Parkinson’s disease (PD), with a prevalence of 2% of the population over the age of 65, is one of the most common neurodegenerative disorders and is characterized by resting tremor, rigidity, and bradykinesia. Current treatments are only symptomatic and do not alter the progression of the disease. PD patients, even under the best circumstances, typically deteriorate over time and experience considerable motor and cognitive disability in the years after diagnosis.
PD is characterized by the loss of dopaminergic neurons in the substantia nigra (SN) and the appearance of Lewy bodies in the remaining neurons. Although the primary cause of PD is still unknown, there has been growing evidence that mitochondrial dysfunction and oxidative stress contribute to the pathogenesis of PD. Dopaminergic neurons are particularly vulnerable to oxidative stress and oxidative stress-induced mitochondrial DNA mutations.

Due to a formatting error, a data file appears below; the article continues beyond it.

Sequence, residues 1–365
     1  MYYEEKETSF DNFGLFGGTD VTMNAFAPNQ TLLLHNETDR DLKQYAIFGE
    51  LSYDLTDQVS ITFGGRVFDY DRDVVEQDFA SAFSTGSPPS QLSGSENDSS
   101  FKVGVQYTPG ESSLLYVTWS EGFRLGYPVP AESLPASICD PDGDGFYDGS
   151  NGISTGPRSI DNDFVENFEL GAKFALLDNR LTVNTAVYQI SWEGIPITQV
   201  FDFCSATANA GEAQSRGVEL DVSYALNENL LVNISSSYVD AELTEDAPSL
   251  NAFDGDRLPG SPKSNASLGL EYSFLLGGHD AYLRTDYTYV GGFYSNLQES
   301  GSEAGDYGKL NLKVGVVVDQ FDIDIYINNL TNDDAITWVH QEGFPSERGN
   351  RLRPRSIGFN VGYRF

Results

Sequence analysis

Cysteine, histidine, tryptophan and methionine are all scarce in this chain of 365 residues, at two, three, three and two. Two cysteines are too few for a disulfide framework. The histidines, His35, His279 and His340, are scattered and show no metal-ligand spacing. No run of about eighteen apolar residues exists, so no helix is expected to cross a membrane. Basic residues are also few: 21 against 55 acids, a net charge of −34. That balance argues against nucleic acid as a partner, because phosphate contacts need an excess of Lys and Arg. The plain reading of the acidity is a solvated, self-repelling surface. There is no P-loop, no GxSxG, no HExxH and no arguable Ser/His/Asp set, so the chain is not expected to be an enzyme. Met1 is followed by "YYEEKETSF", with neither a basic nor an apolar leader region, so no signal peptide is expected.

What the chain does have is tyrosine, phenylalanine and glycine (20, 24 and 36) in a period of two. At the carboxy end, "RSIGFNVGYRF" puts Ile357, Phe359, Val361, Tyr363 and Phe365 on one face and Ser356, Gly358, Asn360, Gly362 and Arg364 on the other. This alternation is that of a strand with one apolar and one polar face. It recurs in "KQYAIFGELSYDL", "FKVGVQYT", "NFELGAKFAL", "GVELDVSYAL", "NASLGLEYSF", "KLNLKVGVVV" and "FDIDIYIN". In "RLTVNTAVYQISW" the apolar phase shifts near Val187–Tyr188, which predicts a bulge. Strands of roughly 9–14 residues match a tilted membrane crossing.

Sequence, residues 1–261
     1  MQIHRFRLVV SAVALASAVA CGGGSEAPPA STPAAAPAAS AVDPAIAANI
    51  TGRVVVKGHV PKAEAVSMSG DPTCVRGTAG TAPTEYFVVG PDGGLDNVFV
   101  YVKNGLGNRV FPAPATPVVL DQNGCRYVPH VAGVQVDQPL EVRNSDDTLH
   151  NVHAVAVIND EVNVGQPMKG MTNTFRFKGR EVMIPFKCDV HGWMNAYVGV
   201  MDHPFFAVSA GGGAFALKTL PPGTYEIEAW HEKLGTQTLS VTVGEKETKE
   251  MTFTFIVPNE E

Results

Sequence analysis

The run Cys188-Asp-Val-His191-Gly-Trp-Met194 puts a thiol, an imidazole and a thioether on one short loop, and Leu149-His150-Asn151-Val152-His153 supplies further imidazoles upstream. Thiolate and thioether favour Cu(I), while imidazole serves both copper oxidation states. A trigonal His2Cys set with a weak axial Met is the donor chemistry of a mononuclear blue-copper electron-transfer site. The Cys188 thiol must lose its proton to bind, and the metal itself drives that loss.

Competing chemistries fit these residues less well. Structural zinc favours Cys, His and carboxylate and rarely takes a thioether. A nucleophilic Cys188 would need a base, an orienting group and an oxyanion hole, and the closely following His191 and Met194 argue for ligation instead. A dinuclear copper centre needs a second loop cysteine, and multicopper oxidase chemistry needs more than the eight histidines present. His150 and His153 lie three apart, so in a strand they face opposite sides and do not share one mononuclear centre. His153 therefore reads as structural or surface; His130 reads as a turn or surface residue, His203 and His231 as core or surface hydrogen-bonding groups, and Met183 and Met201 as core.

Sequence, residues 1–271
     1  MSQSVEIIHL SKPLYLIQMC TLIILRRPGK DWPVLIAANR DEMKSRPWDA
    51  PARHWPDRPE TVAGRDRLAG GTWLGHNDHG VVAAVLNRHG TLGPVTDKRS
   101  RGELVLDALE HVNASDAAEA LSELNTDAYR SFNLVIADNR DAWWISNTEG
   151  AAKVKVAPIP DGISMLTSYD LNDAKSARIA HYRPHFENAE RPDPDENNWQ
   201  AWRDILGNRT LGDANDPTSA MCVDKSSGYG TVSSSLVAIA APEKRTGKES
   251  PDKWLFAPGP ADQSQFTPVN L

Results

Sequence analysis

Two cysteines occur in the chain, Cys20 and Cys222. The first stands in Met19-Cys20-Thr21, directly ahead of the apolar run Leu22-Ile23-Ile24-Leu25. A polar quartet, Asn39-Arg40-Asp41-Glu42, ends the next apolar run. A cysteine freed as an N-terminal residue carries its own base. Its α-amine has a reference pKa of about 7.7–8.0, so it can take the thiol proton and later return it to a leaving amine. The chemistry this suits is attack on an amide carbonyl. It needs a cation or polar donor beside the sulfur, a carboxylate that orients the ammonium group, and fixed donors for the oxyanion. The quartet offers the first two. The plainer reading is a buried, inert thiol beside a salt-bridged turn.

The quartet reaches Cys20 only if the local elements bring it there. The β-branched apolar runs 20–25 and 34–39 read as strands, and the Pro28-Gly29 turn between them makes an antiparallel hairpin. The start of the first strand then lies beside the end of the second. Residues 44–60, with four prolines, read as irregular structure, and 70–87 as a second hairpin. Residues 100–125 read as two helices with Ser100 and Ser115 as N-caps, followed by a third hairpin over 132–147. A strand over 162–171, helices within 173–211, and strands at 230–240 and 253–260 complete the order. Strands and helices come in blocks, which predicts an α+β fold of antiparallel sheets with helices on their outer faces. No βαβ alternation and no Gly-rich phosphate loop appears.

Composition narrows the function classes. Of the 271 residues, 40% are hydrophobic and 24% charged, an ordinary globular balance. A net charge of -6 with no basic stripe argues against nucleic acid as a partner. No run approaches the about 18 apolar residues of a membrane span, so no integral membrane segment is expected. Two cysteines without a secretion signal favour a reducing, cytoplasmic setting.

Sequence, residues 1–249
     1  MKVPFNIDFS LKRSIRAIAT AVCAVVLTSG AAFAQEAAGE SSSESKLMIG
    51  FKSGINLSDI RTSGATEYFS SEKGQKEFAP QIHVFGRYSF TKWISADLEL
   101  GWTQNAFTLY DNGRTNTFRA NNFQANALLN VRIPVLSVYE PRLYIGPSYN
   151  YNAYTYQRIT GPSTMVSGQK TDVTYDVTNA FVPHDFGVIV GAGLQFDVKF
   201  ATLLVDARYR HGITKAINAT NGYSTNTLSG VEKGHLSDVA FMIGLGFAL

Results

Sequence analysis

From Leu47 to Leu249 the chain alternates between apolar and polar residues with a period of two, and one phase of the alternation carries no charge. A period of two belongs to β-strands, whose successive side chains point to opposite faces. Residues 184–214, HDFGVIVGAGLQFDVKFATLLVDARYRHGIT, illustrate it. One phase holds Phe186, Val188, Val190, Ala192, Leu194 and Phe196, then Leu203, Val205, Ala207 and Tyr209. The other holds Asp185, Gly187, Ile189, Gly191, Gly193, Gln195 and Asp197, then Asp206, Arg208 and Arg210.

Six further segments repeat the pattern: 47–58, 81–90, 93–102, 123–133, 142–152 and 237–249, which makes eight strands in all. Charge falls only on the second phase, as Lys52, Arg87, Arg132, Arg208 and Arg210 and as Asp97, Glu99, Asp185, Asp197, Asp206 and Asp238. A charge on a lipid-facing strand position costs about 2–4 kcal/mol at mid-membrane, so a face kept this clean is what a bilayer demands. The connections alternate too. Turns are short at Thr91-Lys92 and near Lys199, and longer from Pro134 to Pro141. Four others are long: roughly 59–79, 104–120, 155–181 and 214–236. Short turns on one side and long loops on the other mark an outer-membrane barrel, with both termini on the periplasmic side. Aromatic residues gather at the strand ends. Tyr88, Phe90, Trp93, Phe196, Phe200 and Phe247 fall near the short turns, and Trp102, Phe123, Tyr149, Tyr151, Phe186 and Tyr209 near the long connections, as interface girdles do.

Oxidatively damaged mtDNA has been demonstrated to be significantly higher in PD postmortem brain samples than in age-matched controls. The oxidative mtDNA damage noted in
PD has been observed to be elevated in lymphocytes, cerebrospinal fluid, and serum. Urinary levels of 8-oxoG are also elevated in PD patients, correlating with the progression of the disease.
These studies all point to the critical role of oxidative stress and mtDNA damage in the pathogenesis of PD. Improving the functionality of OGG1 in PD patients may therefore positively impact the pathology of PD.